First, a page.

To this enterprise painters such Rossetti and Millais were to add a somewhat sentimental and literary kind of storytelling based on a rather romantic understanding of medieval models. It was this meticulous and painstaking style that was adopted by the American incarnation of the Pre-Raphaelites. This was a group formed in 1863 in the New York studio of the English expatriate artist Thomas Charles Farrer and known as the Association for he Advancement of Truth in Art. The principal members were Farrer, John Henry Hill, John William Hill, Charles Herbert Moore, Henry Roderick Newman, and William Trost Richards. These artists did not follow their English counterparts in terms of elaborate narrative paintings but pursued their careful and highly detailed observations of nature. They also published a periodical, The New Path, in which they presented a lively combination of reviews and essays.
The power of Ruskin over this group was considerable, not merely through his ideas on art but also directly in the form of studio. In 1857 Ruskin published a highly practical guide to painting and drawing titled The Elements of Drawing. Ruskin had been persuaded to take up the teaching of art in the 1850s at the new Working Men’s College, in London, where one of his colleagues was Rossetti himself. The principles Ruskin espoused in his book were delicacy, close observation of the details of nature, and a watercolor technique in which broken areas of brilliant local color were built to obtain a rich and dazzling surface using a hatching technique. The book is also filled with many highly practical and thoughtful exercises, tips, and approaches to making art. Although directed at amateurs the book was widely read by professional artists on both sides of the Atlantic. No less a figure than Winslow Homer learned his watercolor technique by reading The Elements of Drawing, and so pervasive was its influence on color that Claude Monet himself was quoted by a British journalist in 1900 as saying that “Ninety percent of the theory of Impressionist painting is in … Ruskin’s Elements of Drawing."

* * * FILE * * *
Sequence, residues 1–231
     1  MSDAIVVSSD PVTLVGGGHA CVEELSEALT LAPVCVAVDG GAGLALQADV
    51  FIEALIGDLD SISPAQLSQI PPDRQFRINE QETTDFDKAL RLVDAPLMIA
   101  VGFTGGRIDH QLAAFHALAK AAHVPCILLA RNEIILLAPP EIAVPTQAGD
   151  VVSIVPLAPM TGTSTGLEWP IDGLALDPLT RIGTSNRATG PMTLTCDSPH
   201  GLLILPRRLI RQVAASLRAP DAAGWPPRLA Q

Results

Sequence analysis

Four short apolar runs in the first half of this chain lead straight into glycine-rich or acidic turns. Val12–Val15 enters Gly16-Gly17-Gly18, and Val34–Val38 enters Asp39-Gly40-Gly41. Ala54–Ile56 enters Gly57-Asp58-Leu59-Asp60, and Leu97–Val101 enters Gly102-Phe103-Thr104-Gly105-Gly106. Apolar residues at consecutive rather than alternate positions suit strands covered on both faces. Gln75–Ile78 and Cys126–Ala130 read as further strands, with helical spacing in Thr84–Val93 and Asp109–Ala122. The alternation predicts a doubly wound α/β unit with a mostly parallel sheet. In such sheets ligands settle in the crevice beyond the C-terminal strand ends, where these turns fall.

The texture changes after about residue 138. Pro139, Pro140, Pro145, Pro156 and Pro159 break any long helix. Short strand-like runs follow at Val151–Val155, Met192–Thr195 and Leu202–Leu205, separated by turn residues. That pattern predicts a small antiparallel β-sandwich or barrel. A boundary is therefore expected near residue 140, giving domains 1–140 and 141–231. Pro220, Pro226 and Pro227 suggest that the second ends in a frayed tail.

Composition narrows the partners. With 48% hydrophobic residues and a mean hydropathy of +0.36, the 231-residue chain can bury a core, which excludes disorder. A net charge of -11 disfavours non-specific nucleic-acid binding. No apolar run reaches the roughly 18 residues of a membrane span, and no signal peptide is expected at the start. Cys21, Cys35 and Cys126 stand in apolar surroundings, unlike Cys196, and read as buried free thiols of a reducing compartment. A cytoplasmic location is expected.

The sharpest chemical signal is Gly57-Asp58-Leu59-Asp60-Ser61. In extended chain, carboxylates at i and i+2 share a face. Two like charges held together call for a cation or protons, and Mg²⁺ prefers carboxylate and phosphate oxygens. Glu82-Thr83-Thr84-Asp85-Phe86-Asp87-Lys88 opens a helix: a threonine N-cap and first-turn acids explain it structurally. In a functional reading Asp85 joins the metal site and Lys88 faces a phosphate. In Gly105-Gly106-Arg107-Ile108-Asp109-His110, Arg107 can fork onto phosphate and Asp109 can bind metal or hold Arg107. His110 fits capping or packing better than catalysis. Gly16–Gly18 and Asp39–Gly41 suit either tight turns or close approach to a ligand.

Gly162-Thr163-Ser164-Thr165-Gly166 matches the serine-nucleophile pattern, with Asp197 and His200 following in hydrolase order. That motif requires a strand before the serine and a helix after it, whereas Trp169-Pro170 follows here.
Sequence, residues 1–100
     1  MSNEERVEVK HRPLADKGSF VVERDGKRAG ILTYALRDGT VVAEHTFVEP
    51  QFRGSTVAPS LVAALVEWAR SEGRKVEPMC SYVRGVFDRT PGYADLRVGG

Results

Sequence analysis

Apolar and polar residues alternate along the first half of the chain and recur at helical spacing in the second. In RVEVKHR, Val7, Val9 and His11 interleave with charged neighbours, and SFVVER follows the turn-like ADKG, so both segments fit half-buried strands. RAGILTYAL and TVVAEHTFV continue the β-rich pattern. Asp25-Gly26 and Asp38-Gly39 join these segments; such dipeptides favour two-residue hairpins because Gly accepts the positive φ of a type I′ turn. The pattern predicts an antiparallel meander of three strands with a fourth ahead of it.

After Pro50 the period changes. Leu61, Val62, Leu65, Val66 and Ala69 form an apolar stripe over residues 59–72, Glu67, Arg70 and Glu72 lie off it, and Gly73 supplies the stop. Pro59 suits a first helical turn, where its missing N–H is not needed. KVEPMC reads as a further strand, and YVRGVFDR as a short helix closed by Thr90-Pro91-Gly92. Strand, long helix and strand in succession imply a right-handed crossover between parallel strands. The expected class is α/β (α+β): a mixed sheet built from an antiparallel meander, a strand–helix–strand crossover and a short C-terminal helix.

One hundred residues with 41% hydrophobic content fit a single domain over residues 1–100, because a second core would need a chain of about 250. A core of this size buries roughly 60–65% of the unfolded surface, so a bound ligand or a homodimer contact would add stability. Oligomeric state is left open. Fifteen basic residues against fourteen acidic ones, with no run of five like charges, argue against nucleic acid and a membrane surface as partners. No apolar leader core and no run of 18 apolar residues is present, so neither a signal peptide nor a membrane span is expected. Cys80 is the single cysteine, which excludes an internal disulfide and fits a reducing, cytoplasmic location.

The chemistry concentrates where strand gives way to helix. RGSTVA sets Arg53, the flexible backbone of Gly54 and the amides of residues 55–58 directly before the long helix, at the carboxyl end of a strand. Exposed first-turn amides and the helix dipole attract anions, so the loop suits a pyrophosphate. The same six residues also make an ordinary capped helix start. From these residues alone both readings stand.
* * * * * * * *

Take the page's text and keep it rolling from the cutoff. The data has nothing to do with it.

The Last Ruskinians
Certainly watercolor, with its immediacy and portability, was an ideal medium for American artists intent on going out into nature, and Ruskin’s instructional book arrived at a timely moment. Thousands of pirated copies were printed and sold in America, and the book remains in print to this day. Paintings executed with the delicate hatching and brilliant broken color suggested by Ruskin form the focus of the current exhibition at the Fogg Art Museum. Here we see the English artist William Henry Hunt spending weeks painting every twig and feather in a bird’s nest. Charles Herbert Moore must have spent a similar amount of time rendering a peacock’s feather in exquisite and somewhat painful detail. We can see too that Ruskin himself, when he took up the brush to paint Fragment of the Alps, was inclined to a similar approach, rendering a large rock through a laborious catalogue of its surface detail rather than summoning up its gross girth and weight as a more classically trained artist might have done. The effect of this piece, for all its intensity of observation and industry, is somewhat lightweight and fragmentary. In fact, Ruskin would often leave works unfinished, stranding areas of intensely observed detail in the middle of blank canvases before giving them away to friends. Other followers in this exhibition include Henry Roderick Newman, who took the Ruskinian approach to Florence, producing in Santa Maria Novella, Florence, Italy a record of every brick and stone of the ancient scene in front of him. The artist used gouache body color over the watercolor to increase the density of the rendering and control the lights, a technique advocated by Ruskin in The Elements of Drawing